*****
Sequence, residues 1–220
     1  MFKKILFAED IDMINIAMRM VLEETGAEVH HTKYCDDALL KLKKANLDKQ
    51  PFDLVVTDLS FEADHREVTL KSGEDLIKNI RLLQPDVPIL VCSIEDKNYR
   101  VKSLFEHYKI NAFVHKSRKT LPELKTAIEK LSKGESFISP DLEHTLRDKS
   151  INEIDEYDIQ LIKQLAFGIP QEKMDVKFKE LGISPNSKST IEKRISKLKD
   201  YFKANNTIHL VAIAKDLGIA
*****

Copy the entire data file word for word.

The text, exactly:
Sequence, residues 1–220
     1  MFKKILFAED IDMINIAMRM VLEETGAEVH HTKYCDDALL KLKKANLDKQ
    51  PFDLVVTDLS FEADHREVTL KSGEDLIKNI RLLQPDVPIL VCSIEDKNYR
   101  VKSLFEHYKI NAFVHKSRKT LPELKTAIEK LSKGESFISP DLEHTLRDKS
   151  INEIDEYDIQ LIKQLAFGIP QEKMDVKFKE LGISPNSKST IEKRISKLKD
   201  YFKANNTIHL VAIAKDLGIA